Tom Ellis TOM ELLIS

National unity and pragmatism vis-a-vis Turkey

COMMENT

TAGS: Turkey, Security, Defense, Politics

The period we are in is difficult and dangerous. Turkish President Recep Tayyip Erdogan is unpredictable and uncontrollable. The strategy of Greek Prime Minister Kyriakos Mitsotakis for calm waters in relations with Turkey that would allow him to focus on economic matters has clashed with inexorable reality. Instead, we are in a phase where the famous phrase “It’s the economy, stupid” does not match Greek reality. It’s only a part of a much more complex equation that also includes challenges that have an existential dimension for Greece.

Positive economic developments require political stability at home and an absence of tension abroad. And although the former may to some extent depend on the government, the latter certainly doesn’t. This has been made quite clear by Turkey’s provocative behavior in recent months.

Handling developments in Greek-Turkish relations requires cross-party unity. The government must keep the opposition fully informed; for its part, the opposition must show the highest degree of responsibility. The objective must be to create a solid national front. This is no time for division and arguments. Public statements must be terse and cautious.

And this applies to everyone, from Prime Minister Kyriakos Mitsotakis and his aides to his predecessor Alexis Tsipras. Having been in charge of the country for four-and-a-half years up until five months ago, Tsipras has been through difficult situations and understands what is at stake.

Ideally, there would be a channel of communication between the two. No such channel was in place when the previous government negotiated the agreement with North Macedonia. That will hopefully change on the more crucial issue of Greece’s ties with Turkey. There is no room here for personal grievances.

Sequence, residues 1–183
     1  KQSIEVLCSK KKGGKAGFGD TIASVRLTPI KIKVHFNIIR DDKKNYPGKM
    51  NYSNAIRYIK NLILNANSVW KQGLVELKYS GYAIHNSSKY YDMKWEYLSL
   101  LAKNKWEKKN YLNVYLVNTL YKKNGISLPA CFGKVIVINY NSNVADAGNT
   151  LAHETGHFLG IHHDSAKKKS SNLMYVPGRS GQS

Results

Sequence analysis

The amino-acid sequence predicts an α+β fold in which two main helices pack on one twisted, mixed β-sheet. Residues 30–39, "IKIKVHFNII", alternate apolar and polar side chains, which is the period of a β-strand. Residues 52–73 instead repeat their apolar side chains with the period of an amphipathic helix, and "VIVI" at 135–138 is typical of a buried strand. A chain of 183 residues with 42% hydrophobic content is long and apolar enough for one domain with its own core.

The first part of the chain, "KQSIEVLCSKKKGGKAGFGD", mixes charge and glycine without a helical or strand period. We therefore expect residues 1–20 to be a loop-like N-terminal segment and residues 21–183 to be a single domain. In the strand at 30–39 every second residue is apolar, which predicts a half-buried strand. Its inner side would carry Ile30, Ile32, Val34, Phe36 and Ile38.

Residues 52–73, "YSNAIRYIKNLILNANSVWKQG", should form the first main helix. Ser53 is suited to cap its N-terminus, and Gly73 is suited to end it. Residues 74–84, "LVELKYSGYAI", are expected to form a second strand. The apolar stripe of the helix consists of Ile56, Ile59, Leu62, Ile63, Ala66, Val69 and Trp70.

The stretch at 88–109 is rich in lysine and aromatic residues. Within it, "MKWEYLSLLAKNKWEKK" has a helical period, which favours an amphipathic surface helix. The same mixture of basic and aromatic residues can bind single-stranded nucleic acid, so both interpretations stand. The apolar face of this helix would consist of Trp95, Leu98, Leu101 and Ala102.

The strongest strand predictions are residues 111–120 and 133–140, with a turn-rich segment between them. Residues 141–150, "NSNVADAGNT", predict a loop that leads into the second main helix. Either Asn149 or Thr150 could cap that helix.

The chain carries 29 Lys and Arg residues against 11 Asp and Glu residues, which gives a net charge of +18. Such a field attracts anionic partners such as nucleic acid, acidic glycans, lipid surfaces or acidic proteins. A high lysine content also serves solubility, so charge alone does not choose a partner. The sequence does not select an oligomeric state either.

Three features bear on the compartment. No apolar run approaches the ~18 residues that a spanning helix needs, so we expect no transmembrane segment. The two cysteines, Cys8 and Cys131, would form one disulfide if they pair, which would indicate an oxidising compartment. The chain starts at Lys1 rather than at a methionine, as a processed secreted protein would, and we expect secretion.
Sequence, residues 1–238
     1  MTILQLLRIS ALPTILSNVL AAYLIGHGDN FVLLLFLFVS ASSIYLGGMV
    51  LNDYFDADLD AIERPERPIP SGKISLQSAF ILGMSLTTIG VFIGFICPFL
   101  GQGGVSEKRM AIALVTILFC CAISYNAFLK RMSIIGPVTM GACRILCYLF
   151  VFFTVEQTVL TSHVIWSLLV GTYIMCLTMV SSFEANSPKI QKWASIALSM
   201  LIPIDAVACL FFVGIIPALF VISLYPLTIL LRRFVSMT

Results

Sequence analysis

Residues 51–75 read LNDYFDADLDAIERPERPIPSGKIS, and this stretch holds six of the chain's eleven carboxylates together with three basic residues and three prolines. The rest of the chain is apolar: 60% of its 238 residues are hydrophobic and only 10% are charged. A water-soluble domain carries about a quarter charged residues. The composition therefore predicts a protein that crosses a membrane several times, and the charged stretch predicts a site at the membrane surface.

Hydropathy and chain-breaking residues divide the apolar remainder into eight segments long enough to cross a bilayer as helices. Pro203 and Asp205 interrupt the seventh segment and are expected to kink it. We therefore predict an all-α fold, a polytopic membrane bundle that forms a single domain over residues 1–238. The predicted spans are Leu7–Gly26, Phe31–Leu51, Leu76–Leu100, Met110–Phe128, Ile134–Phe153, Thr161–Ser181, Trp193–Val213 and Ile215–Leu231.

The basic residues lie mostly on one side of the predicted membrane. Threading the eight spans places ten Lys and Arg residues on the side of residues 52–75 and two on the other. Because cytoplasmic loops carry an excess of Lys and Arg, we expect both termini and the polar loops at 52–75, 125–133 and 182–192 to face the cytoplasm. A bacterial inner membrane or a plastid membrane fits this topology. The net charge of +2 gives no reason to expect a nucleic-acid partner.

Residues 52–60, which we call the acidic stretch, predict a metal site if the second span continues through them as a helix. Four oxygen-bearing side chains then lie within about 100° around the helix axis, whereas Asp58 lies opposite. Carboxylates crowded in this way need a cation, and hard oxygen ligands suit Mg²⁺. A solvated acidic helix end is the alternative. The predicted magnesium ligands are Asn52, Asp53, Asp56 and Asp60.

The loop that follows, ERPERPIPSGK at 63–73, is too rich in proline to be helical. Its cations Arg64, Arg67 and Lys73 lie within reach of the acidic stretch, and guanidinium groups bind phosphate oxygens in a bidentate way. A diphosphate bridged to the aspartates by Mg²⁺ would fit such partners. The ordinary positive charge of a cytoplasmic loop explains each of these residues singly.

The time calls for responsible handling. The lack of coordination between Maximos Mansion and the Ministry of Defense on the issue of confidence-building measures (CBMs) with Turkey was regrettable; the sensitive timing made it look all the worse.

We are obviously making use of our European Union membership, of our alliance with the US and of our close partnerships with key regional states. But the timing is not good. EU influence over Ankara has declined while NATO is going through its own existential conundrum.

Meanwhile, Trump’s impeachment process and his professed friendship with Erdogan, and the ongoing political deadlock in Israel are not making things any easier.

Apart from unity at home, we also need pragmatism. Brussels condemns Turkey and may occasionally impose some limited sanctions; the State Department deplores Washington’s provocative actions; even Russia maintains a critical stance on the Turkey-Libya maritime boundaries deal. However, we do not have the luxury of being able to rely on third parties to solve our problems – at least, not so much as we used to.

The situation has deteriorated since Erdogan’s memorandum of understanding with the Tripoli-based government of Libya.

With such a direct and official questioning of Greece’s sovereign rights, we are faced with the creation of faits accomplis that go beyond political figures, parties and governments.

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